The evidence brought forth by a private investigator can be the deciding factor in your court case. Evidence, or proof of validity, is offered during a trial to either prove or disprove your presented claims. That’s why it’s important to have as much relevant evidence as possible for success in court.
Hiring a licensed private investigator can help you gather more evidence than you would have with only a lawyer. They are skilled in legally obtaining different types of evidence in investigation. They help you strengthen and support your case. In this article, we’ll define different types of evidence and show some examples of how they’re used in the business today.
Types of Evidence Used in Court
As stated earlier, both the prosecution and the defense use evidence to establish the validity of their side of the case. You can present several types of evidence in court. That said, the evidence provided has to be admissible. This means that it must be relevant to the case, reliable and not unfairly prejudicial.
Since you can’t present just anything as evidence, it’s important to have a skilled investigator on your side. The judge and jury can only make their decision based on what is presented to them. That’s why it’s imperative to have as clear and strong a presentation of your facts as possible. A private investigator can help collect quality evidence to create a strong basis for your case.
So what can you present in court to bolster your case?
Examples of Evidence
There are four different types of evidence that are admissible in court. These types of evidence are:
- Physical Evidence. This is the type of proof that a jury member can see, or physically touch if necessary. It can be a physical object, a photo or a video of evidence. Some examples of physical evidence include weapons, fingerprints, DNA samples, impressions and more.
Physical evidence is some of the most reliable evidence possible. It can back up or disprove witness testimony, link people to crime scenes and help to reconstruct a crime.
- Documentary Evidence. This type of evidence refers to documents that can be physically presented for the jury to examine. Written evidence isn’t the only type that qualifies — recordings and other mediums are also admissible.
Documentary evidence can include diaries, contracts, wills, written statements, photographs and videos. It can also include computer records, emails and text messages. If presenting this type of evidence, you must be able to show that the documents are authentic and come from a reliable source.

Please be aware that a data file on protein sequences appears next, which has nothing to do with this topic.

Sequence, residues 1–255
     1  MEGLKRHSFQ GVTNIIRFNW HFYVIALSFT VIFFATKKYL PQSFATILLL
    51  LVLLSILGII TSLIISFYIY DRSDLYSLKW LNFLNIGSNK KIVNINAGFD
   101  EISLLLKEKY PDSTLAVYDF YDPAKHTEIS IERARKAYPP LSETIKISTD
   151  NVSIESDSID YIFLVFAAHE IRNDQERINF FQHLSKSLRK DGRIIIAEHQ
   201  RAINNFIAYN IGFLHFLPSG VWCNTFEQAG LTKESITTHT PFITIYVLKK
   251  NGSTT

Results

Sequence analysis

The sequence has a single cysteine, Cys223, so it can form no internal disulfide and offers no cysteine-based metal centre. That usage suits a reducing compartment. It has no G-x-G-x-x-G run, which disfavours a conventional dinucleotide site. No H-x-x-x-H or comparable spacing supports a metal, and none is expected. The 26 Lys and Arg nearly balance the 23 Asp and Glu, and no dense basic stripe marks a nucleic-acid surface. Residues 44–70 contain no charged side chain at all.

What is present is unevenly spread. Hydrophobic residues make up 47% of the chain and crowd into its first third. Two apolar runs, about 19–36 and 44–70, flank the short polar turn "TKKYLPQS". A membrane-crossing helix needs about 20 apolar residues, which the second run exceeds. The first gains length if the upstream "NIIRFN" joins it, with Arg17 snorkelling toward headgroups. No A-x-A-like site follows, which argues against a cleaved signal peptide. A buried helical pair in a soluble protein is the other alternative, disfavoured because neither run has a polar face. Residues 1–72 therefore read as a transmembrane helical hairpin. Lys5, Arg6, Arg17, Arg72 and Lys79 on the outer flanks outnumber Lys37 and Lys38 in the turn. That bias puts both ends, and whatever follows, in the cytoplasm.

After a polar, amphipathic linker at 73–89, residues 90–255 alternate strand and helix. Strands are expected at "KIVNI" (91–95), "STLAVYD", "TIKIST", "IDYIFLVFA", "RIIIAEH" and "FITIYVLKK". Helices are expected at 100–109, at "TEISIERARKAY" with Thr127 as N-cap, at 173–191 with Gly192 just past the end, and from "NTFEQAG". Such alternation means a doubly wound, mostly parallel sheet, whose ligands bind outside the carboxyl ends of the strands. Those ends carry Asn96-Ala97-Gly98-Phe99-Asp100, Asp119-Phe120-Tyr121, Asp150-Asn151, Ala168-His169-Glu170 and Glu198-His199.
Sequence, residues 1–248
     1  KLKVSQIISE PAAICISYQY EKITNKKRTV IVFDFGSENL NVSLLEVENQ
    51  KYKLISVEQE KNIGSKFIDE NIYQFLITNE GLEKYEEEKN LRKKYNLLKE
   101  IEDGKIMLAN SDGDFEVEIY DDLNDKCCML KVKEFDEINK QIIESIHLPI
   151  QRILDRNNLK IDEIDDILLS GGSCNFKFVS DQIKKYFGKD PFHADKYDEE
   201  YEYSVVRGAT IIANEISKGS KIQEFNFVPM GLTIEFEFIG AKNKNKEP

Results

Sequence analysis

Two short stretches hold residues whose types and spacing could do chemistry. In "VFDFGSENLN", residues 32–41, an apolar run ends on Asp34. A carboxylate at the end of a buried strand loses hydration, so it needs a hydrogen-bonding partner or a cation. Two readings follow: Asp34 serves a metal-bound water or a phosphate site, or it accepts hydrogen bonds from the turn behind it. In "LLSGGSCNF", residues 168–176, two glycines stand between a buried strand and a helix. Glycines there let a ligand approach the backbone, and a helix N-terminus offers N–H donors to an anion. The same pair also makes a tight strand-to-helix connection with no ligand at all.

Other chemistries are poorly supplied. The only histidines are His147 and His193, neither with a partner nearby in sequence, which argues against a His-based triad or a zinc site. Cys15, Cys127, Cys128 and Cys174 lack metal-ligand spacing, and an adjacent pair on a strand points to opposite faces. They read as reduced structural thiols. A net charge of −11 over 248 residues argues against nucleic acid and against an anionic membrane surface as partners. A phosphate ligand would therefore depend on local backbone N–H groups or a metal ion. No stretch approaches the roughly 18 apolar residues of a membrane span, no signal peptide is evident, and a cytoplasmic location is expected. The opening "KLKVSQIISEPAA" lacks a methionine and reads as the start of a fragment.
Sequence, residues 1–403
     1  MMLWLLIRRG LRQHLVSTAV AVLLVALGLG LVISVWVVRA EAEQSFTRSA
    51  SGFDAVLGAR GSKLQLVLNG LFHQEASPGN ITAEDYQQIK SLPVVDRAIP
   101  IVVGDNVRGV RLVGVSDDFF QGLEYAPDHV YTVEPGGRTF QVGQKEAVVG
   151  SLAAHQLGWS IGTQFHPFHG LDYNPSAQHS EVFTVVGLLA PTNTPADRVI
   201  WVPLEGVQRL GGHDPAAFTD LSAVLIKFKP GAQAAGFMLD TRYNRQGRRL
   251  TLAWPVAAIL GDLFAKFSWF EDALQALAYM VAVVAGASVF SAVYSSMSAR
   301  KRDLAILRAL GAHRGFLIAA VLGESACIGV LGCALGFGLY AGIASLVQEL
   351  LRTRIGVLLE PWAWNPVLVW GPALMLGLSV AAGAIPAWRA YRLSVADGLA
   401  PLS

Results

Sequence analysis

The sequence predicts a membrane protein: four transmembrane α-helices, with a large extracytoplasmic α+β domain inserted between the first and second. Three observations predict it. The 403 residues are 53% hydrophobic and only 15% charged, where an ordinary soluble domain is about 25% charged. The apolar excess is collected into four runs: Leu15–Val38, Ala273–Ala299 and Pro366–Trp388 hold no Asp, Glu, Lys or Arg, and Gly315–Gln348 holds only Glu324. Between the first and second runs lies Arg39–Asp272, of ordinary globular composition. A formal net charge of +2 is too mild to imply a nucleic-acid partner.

- Witness Testimony. This type of evidence comes from a person or people who have knowledge of the facts being presented. Testimonial evidence can be in person or written in a signed statement. Since the jury has to put their trust in the honesty of the person testifying, there are ways to regulate what makes a credible witness.
Any person who takes the stand must swear an oath or an affirmation that they will be entirely truthful. Every witness is considered competent to testify, meaning they have the mental capacity to understand, recall and describe the fact accurately. If there is reason to believe that a witness is not competent, they can be impeached. This happens through cross-examination or by presenting evidence that contradicts the witness.
- Demonstrative Evidence. This type of evidence visually supports the facts that are presented. Unlike documentary evidence, demonstrative evidence helps to clarify or explain the presented information, such as witness testimony. Examples include maps, graphs, charts, images and diagrams.
Demonstrative evidence serves other important purposes. Jurors can better retain the information they receive visually than information they only hear. It can also keep their attention and interest focused on what you are saying.
This evidence must meet three criteria to be admissible: relevancy, materiality and competency. It must make the presented facts more or less probable, directly illustrate the evidence without other inference and fit with the decorum of the court.
How Evidence Is Used
Once you’ve collected your evidence, it’s time to bring it to court. Your lawyer presents it to the judge and the jury for their consideration in an effort to prove that your case is true. The judge or jury needs to be so convinced by your evidence that there’s no room for reasonable doubt.
Private investigators are well trained in gathering this evidence while staying within the confines of the Legitimate Interests Assessment. The LIA requires evidence collection to have a legitimate purpose, necessary and unbiased. Your private investigator can gather the irrefutable proof you need through legal surveillance and public records, among other methods.
Presenting evidence is essential to winning your court case. The more credible evidence you have, the more likely you are to win in court. Hiring a licensed private investigator can help you strengthen your case by legally collecting evidence that you can’t. To learn more about how Barefoot Professional Investigations can help you, visit our resources page or contact us today.